In Chronicles, during Hezekiah’s reform the people of Israel turned back to God. Hezekiah sought God and serve as a King seeking God. He reopened the temple and encouraged the people to return to God. God provided the unity of purpose to accomplish this reform. 1 Chronicles 30:12 Also in Judah the hand of God was on the people to give them unity of mind to carry out what the king and his officials had ordered, following the word of the LORD.
The psalmist reminds us of the good effects from unity. Psalm 133:1 How good and pleasant it is when brothers live together in unity! God is pleased when we get along. I’m reminded of a pleasant aroma which rises to God and how that might be seen in this statement.
As Christians we have a pressing need to seek unity with one another. Our relationship to one another has a direct, perceptible impact on our witness to the world. John 17:23 I in them and you in me. May they be brought to complete unity to let the world know that you sent me and have loved them even as you have loved me. Unity is a sign of God’s work in our lives. When we are splintered we present the wrong message to the world. This reminds me of Paul’s admonition. Ephesians 4:3 Make every effort to keep the unity of the Spirit through the bond of peace.
How do we accomplish such unity? Our frailties make us prone to stand up for our point of view. We want to be right at all costs. Often we create division, not by design but as a result of our desire to be seen and accepted as correct. Romans 15:5 May the God who gives endurance and encouragement give you a spirit of unity among yourselves as you follow Christ Jesus. Paul recognizes we cannot achieve the peace and unity called for by God. It’s only when we rely on God and rest in His hands and allow Him to do the work that peace and unity will actually come to bear in our lives.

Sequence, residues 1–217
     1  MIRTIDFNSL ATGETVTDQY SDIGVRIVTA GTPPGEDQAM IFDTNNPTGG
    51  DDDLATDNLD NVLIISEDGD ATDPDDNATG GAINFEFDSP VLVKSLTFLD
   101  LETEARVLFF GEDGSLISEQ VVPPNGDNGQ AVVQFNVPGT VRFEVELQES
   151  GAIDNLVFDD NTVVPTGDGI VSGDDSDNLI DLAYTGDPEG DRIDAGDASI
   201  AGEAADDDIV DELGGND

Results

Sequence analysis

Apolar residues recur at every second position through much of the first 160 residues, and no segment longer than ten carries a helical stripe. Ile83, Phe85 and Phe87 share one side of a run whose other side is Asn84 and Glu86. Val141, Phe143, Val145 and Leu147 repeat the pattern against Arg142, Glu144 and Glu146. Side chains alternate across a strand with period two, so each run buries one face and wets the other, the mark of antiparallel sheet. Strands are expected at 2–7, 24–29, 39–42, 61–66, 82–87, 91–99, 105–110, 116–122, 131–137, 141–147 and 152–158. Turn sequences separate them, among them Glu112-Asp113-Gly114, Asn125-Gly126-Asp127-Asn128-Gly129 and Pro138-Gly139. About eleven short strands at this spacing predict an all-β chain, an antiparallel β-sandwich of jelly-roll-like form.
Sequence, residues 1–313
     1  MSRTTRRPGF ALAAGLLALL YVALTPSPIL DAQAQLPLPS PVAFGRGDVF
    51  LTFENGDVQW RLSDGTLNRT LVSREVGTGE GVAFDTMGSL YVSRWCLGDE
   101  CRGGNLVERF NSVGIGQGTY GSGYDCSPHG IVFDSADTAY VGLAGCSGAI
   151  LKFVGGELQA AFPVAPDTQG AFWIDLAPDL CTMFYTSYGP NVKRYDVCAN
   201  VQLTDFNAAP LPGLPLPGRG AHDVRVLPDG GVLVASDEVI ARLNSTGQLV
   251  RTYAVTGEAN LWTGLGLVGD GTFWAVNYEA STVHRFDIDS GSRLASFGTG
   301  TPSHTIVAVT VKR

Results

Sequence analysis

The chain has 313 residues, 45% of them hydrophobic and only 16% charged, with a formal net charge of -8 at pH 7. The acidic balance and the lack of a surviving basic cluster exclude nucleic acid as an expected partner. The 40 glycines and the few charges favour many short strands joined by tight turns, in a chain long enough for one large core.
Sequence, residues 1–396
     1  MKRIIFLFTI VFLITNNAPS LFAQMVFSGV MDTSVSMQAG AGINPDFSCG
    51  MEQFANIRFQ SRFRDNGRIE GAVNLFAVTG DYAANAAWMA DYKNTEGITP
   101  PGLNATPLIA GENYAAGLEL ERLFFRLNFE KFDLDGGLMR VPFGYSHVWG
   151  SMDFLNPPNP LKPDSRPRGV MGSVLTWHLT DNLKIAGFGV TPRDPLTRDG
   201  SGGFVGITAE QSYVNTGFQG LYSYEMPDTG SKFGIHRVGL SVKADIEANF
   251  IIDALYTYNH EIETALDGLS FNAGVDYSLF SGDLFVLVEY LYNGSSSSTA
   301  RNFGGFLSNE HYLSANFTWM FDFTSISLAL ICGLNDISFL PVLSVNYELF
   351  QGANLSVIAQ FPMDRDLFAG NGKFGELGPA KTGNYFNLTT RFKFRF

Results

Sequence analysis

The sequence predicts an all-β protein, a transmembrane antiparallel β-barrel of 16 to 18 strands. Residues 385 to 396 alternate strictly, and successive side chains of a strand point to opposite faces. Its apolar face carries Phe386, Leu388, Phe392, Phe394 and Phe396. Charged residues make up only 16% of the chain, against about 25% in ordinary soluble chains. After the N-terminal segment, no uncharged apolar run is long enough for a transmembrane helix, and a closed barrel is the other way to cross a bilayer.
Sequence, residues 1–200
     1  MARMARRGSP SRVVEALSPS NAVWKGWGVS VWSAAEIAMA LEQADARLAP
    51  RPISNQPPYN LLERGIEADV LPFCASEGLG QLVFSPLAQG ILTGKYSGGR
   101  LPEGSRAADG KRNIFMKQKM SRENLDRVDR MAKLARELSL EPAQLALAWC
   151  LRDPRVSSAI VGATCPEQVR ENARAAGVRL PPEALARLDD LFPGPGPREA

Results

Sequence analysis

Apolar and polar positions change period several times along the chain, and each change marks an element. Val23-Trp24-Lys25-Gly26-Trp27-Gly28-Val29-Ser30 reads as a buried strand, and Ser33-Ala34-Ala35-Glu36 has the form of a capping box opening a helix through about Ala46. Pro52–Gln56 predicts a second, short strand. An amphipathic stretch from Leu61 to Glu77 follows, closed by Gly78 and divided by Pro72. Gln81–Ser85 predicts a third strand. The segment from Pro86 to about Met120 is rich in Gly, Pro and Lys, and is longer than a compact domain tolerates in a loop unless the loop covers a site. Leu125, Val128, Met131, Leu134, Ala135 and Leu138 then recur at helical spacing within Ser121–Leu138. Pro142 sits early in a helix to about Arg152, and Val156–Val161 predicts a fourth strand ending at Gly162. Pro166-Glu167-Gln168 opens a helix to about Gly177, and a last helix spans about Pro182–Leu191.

It’s difficult for us to be humble and humility is the starting point for unity. We don’t like to give in to another point of view. Saint Augustine wrote, “It was pride that changed angels into devils; it is humility that makes men as angels.” A good passage to contemplate and memorize is Philippians 2:1-4. When we can live this passage with one another we will have unity.
Will we always see what we are convinced is correct come to be? No. There are many Biblical Imperatives which cannot be soiled with compromise. There are many more Personal Convictions which need to be weighed carefully before being applied to others. Liberty in Christ is one of the most difficult concepts for us to understand and live.
Are you unified with your brothers and sisters to proclaim the Gospel or are you at odds on how to proclaim the Gospel? Are you unified with fellow believers in discipling new believers or arguing over the proper methodology? Are you on a tangent or on target with the body of Christ?
Let us work together. Let us consider more than one point of view. Let us fix our eyes on Jesus as the goal of our life. Let us bring unity back to the church.
Colossians 2:2 My purpose is that they may be encouraged in heart and united in love, so that they may have the full riches of complete understanding, in order that they may know the mystery of God, namely, Christ.